I have taken a lot of horses to their first show. First of all, make sure they have been on a few field trips and are comfortable loading/trailering/unloading. Secondly, make sure they are used to being ridden in the arena with other horses, and with other horses passing, etc. Thirdly, recognize that the first show is about "going to the show" and "going in the ring" and "experiencing a warmup arena" not about a particular class, ribbon, etc. So, for example, no matter how well or how high a young horse is jumping at home, the first show invariably is a local show and we do a cross rail type division. It's so tempting to try to make a first show something more--people are invariably excited to show off their young horse. If you make the first show a very easy, ho-hum experience you will create a building block of confidence that will help you reap the rewards later in the show season.


      • #4
        Take him to a show to just “hang out” before he ever goes to one to compete. Let him relax, enjoy the scenery, take it all in, and process it with zero pressure or time constraints.


        • #5
          I’ve taken a few youngsters to their first shows and it’s gone reasonably. The key I’ve found is to figure out what works for them at home to get them settled, focused & working – then doing that at the show to the best of my ability. I try to go with very low expectations but clear goals –for the horse to be able to focus on me and the job. In return I need to be calm and focused myself – I find that having a dressage test to work through, or a course of jumps to navigate gives both myself and my horse something to concentrate on – vs worrying about horse eating bushes/tiger concealing judges box/what everyone else is doing.

          Prior to their first show I’ve always taken them out and about for lessons, trail rides etc so that they are used to going to different places. Generally I plan to give them a really good workout the day before, preferably with lots of cantering (as appropriate to the fitness level) – this also brings all the dirt to the surface of their coat so they clean up really well. Feed tends more towards fibre than concentrates. Mine live out 24/7 so nothing changes there.

          I pick the first shows carefully – something that’s going to be fairly quiet & low key and it must have a decent warmup area. I arrive with a decent amount of time but not hours extra – I plan to get there, unload, tack up & get on pretty quickly – exactly how I would for a lesson. In my area there’s generally no space to lunge. Once on, if the horse is fairly relaxed I’ll walk around on a long rein for 10-20min. If horse is a bit up then I’ll work on what’s best for that particular horse – my current horse it’s working in walk, being very chill and letting him take his time, but keeping his focus on me with serpentines, SI, LY etc etc. Previous horse settled best with a LOT of trotting – just moving out helped her brain.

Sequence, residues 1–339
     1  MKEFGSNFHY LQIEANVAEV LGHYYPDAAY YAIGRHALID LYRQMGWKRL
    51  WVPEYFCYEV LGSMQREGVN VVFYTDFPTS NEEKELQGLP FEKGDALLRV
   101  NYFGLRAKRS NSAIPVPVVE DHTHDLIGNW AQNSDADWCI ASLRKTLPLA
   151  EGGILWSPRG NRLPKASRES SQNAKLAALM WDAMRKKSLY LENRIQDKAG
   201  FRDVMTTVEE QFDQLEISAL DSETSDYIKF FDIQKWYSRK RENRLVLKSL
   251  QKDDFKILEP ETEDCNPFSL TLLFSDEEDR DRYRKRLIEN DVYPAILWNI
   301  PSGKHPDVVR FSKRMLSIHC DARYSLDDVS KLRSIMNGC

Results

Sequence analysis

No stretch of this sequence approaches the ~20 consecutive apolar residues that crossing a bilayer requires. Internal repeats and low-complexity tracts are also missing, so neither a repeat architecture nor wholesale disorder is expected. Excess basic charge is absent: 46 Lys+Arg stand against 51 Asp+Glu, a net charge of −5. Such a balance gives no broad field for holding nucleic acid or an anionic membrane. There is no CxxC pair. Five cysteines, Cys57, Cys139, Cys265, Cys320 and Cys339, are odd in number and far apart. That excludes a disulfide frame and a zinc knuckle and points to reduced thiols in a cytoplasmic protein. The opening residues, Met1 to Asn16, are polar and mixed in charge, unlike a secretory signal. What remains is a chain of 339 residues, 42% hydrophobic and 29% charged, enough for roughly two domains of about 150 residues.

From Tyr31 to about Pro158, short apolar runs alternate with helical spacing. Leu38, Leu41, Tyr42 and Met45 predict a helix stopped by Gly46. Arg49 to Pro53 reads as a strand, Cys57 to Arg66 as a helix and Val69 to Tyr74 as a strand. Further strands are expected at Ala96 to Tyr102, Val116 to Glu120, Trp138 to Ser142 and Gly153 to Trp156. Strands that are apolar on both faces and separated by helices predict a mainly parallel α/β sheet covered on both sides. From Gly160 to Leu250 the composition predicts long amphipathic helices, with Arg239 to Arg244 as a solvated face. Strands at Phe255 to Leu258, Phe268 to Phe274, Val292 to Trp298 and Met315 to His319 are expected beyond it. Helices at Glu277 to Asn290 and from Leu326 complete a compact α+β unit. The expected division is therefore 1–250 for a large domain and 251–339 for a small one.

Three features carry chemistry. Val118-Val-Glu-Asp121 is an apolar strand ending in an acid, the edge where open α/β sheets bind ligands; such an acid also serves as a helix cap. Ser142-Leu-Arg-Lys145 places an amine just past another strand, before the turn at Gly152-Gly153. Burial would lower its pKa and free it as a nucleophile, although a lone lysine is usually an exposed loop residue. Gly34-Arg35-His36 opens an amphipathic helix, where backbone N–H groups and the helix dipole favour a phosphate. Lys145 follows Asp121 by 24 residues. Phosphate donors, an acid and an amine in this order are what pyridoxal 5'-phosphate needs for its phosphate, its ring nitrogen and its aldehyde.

If the warm-up is too chaotic I will warm-up wherever I can. I’ve walked horses around the truck park and gone up and down a back driveway (unused). I much prefer going in the ring with a horse that has a warm body and cool mind – even if we’ve only managed to do one warmup fence (or none!)

          If you have a few obliging friends you could practice a warm-up ring environment – starting with all horses in walk and fairly far apart, then gradually increasing speed & proximity.


          • #6
            Have you been taking him places yet? If not, I would start there. Take him to a local barn or friend's, take him to a trail ride, wherever, but take him places so he's familiar with how that piece works in a relaxed environment.

            Then pick a very low-key schooling show - perhaps at a local barn's facility or someplace where you know it's not going to be a hyper or intense atmosphere.

            The key of green horses is being flexible. You make take him somewhere and he loses his marbles, even if he's been completely calm everywhere else. Be ready for that and don't have expectations about what you want him to do. The goal should always be to get him relaxed and confident by the time you leave. That may mean you handwalk and graze for 3 days and never get on, and it may mean you show in the crossrails, and it may be different at each outing for a while. Stay aware of the environment. If you have to get up a 4am to be able to school in a quiet arena at a hectic show, do so. If you get to the schooling arena and it's mad chaos, give it a try, but be willing to scrap it if he's just getting increasingly nervous. Positive, confidence-building experiences. Never tolerate bad behavior on his part as he needs to learn to behave in a variety of circumstances, but don't get upset, and set up up for success by thinking ahead.